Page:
The fable nearly writes itself: Eddie Vedder, lifelong beach advocate, rallies friends & fellows for a festival to end the Summer, right on the beach where he first learned to surf as a teenager. The Pearl Jam frontman has curated an enchantingly chill, simplified musical experience at the Ohana Festival, held the last weekend of September on Doheny State Beach in Dana Point, four years running.
Roughly 20,000 people packed Doheny beach for each of its three days, curated for and populated by Gen Xers, Boomers, and often, the children of both in a setting that was conducive to relaxation and security – so much so that small children were playing freely around the entire festival grounds. Headliners included The Strokes (Friday), Vedder (Saturday) and Red Hot Chili Peppers (Sunday), with a curveball testimony to its potency as a budding favorite among all the annual fests; throughout the weekend, the energy on festival grounds seemed to grow increasingly more radiant and positive, akin to the Bonnaroo glow. In an era of homogenized festivals bordering on the bland, Ohana inarguably inspired happiness.
The nights are getting cooler, adding more magic to the final golden glare of the sunset on each of the fest’s three Summer-farewell days. It’s hardly coincidence that Neil Young’s “Harvest Moon” was played over the PA on Saturday as the sun dipped below the oceanic horizon, and covered by Poolside on Sunday at precisely the same time while people pulled loved ones close, zipping hoodies and buttoning jackets while they sang along to the gorgeous sunset hymn.
That kind of touch matters quite a bit to the festival lover. Vedder made sure to give attendees plenty to get excited about, joining The Strokes on Friday night for “Juicebox” and Pearl Jam’s “Hard to Imagine,” as well as joining Glen Hansard for Pearl Jam’s “Smile” on Saturday, and Jack Irons and Josh Klinghoffer on Sunday for Pink Floyd’s epic “Shine On You Crazy Diamond”.
On Saturday, Mudhoney was politely tolerated in the way all of Pearl Jam/Vedder’s openers are… but the listless crowd was nearly comical in its unaffected reaction. Mark Arm & Co. may as well have been Slipknot to these politely attentive middle-agers. They were removed, cocktails in hand, witnessing a specimen of a bygone time the way you’d imagine your parents listening to Now That’s What I Call Music! CDs together. Vedder pointed out as much during his set that evening, teasing all the smiling people listening to angry music earlier in the day.
The beloved, recently departed Ric Ocasek and The Cars were represented well, with snippets of “Drive” thrown into Incubus’ song of the same name, while Red hot Chili Peppers went full cover on “Just What I Needed” on Sunday night, featuring Vedder on backup vocals.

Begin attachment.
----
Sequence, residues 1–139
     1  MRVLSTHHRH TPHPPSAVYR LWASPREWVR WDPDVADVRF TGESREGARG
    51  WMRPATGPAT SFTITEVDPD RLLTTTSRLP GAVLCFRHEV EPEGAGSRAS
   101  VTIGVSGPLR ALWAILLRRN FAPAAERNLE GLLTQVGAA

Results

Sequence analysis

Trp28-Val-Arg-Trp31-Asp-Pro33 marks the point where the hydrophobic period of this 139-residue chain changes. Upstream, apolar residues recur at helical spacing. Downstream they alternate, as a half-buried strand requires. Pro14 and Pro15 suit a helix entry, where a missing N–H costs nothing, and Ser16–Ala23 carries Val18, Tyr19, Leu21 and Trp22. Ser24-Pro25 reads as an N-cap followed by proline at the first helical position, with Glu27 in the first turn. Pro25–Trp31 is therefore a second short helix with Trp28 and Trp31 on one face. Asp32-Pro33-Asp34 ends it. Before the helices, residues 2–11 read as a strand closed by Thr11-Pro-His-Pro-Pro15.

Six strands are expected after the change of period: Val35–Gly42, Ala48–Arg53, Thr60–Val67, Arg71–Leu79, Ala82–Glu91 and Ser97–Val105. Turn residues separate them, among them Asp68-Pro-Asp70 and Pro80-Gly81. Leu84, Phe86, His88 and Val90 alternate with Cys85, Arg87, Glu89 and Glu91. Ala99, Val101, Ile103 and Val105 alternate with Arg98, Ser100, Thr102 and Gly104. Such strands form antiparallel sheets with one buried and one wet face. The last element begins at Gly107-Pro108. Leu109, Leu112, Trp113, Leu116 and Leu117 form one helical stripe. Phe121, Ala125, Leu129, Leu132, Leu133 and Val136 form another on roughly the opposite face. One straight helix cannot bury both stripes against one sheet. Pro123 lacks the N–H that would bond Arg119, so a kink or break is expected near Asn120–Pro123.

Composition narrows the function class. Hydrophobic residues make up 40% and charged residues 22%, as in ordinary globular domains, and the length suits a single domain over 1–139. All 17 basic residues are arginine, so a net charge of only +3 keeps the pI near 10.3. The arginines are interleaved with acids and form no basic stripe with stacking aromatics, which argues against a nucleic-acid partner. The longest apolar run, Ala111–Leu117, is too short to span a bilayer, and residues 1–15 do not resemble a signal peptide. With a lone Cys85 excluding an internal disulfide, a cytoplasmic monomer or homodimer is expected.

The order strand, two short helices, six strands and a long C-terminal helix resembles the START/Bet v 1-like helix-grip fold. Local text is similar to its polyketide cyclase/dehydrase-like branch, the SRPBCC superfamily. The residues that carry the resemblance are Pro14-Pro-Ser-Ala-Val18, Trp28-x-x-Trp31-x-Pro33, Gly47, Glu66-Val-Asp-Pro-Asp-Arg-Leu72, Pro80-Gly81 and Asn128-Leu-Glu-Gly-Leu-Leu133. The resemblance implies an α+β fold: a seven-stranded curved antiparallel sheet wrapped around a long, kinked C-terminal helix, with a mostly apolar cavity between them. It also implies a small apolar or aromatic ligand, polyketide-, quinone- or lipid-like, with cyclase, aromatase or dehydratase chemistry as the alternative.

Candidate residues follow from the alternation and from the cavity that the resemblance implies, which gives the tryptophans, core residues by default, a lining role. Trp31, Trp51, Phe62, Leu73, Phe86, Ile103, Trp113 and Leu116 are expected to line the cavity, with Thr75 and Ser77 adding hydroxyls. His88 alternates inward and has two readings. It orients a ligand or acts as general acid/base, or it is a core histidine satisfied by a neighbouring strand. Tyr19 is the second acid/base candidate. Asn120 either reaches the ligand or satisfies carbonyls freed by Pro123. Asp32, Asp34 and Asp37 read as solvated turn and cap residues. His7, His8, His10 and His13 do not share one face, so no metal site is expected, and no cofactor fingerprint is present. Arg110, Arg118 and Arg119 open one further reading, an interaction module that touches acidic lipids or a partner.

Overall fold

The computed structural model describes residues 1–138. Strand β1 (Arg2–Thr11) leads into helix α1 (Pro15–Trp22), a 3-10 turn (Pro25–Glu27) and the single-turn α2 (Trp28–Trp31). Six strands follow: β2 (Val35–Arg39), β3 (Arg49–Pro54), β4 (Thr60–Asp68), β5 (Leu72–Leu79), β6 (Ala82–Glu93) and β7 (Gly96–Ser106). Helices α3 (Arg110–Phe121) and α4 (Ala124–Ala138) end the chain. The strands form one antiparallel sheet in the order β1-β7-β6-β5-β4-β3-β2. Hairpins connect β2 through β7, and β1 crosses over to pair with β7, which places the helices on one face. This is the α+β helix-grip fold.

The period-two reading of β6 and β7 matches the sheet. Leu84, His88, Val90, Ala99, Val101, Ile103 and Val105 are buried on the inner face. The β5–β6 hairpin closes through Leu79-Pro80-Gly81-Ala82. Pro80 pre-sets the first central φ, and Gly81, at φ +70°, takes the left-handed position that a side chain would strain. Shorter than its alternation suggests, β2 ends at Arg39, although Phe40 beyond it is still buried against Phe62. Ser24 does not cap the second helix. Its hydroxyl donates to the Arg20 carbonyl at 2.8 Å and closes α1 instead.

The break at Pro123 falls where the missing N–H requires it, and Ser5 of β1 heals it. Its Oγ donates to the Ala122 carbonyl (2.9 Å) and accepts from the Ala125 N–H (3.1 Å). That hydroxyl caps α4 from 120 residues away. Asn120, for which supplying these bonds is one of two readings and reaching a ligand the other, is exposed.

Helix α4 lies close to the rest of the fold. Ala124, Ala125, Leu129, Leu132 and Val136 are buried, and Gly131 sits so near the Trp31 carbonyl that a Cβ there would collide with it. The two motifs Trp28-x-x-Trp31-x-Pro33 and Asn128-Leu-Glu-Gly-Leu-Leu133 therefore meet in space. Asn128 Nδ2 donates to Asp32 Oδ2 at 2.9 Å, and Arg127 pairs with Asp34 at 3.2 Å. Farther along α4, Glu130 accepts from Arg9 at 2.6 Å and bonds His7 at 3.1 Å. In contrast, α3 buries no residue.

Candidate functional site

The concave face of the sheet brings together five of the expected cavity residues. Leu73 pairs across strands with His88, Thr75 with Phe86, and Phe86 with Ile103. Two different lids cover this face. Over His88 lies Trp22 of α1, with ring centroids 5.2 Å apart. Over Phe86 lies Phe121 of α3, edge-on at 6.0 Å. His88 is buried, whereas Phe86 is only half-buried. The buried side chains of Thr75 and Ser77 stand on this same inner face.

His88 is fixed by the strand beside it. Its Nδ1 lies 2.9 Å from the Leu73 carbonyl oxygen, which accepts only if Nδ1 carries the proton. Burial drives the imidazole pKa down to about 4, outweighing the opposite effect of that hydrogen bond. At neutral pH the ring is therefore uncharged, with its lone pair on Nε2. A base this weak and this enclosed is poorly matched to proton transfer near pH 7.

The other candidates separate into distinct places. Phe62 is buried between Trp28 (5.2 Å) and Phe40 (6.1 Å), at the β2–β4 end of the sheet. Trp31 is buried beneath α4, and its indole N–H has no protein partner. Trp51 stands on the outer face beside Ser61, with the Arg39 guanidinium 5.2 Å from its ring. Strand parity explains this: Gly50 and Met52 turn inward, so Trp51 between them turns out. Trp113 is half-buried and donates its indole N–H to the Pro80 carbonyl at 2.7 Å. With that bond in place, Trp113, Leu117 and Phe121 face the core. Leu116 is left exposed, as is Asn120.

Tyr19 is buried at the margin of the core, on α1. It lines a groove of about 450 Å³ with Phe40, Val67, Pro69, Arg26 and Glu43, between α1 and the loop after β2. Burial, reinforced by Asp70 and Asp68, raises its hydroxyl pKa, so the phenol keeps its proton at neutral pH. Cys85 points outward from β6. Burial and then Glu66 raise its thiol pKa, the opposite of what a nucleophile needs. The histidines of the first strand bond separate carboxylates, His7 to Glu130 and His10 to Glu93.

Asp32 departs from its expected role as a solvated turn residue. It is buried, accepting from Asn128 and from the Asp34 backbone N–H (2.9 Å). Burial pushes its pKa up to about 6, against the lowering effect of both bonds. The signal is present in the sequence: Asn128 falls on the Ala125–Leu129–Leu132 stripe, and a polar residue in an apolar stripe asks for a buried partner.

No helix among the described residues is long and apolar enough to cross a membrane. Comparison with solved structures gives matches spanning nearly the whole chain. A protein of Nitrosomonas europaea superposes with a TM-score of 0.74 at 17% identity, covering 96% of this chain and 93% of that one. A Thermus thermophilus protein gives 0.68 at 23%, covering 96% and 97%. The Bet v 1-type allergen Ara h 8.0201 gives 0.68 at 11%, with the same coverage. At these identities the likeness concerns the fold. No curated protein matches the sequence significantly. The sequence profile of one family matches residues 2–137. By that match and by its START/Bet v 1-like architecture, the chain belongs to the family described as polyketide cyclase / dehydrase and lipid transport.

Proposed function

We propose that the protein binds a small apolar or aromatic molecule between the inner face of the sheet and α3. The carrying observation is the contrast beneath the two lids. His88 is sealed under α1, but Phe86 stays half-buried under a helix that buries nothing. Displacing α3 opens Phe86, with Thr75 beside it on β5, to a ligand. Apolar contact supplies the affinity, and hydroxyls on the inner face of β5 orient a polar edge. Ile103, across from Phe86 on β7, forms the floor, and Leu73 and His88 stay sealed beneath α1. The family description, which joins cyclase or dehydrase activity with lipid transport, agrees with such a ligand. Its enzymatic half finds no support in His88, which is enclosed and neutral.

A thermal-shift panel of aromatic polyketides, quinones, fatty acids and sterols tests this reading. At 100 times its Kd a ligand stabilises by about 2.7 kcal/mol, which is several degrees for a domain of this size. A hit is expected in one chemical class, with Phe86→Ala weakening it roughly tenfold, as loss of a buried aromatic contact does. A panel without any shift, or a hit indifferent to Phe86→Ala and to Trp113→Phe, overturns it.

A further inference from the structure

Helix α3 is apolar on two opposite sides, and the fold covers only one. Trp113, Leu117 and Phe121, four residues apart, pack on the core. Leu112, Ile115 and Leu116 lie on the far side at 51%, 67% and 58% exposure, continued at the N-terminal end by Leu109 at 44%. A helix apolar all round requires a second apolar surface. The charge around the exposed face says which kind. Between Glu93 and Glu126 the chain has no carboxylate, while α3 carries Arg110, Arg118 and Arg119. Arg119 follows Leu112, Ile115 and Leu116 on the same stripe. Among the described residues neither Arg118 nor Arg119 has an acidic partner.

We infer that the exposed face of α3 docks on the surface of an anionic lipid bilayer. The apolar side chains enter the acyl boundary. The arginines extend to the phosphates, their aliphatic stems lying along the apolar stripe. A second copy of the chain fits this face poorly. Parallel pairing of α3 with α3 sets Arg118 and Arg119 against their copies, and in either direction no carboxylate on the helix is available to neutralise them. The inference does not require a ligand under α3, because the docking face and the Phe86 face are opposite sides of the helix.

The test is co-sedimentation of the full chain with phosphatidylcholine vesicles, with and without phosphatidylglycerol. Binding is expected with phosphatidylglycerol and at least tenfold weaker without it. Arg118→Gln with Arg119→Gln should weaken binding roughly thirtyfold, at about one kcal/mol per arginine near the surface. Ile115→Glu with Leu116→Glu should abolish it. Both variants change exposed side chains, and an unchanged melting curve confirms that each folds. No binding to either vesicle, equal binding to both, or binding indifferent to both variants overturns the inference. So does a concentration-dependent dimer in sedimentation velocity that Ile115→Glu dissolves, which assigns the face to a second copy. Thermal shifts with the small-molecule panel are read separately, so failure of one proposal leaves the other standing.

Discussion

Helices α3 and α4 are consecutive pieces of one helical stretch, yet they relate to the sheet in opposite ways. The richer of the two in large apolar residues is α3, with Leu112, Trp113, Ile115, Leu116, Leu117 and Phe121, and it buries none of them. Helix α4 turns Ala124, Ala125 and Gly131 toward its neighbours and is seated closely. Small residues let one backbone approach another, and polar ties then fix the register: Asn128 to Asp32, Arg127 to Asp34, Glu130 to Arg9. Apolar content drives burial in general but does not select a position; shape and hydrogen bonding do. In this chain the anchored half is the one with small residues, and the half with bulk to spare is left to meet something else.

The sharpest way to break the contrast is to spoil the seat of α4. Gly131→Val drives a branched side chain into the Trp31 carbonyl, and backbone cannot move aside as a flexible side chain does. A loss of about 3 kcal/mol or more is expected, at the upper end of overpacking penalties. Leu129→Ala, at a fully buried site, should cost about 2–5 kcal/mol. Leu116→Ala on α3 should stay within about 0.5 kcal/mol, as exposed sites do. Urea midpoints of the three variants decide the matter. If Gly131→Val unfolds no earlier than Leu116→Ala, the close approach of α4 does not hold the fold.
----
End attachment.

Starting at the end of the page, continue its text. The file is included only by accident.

From the stage, Ohana’s balance on the political statements were admirable in their diplomacy. But the music spoke more loudly than any overt banter could have. The discussions weren’t clubs over the head, but rather woven into the experience in a way that didn’t remove the most anti-political attendee (see: the Planned Parenthood booth, voter registration outlets and the various ecologically conscious brands on hand). For instance, Glen Hansard’s remarkable performance was punctuated by a dedication of “A Closing Door” to Greta Thunberg and President Obama.
Laura Jane Grace & The Devouring Mothers’ set was a B-12 shot for the soul. A joyful “Hotel Song” was a beautiful thing, while “I Hate Chicago” was adored – as it is in every town except Chicago, according to LJG. The spirits were high, the truth was told in song, and perfect moments of connective frequency unfolded on the lawn. Isn’t that the point of going to a music festival?
The feeling of the day was captured well by this post-set tweet:
Don’t care if this sounds super cheesy but a festival like @theohanafest really makes you feel like you’re a part of a music community and that what’s happening onstage, backstage and out in the audience is a group effort and I’m super thankful for experiences like that
— Laura Jane Grace (@LauraJaneGrace) September 29, 2019
Incubus’ set was a testament to their music’s understated perseverance, with a set that leaned almost entirely on their strongest work from nearly two decades ago. Slightly unremarkable in execution, the band stayed true to what it does best without much variation from the expected. That is, save for the hugely celebrated curveball cover of “Pony” to close their performance.
Then Vedder took the stage for a two-plus hour set that rounded the edges on his solo performance and showcased a seasoned live show that included a string quartet, a slew of guests and a fan’s dream setlist, including a wild array of covers, surprises and rarities.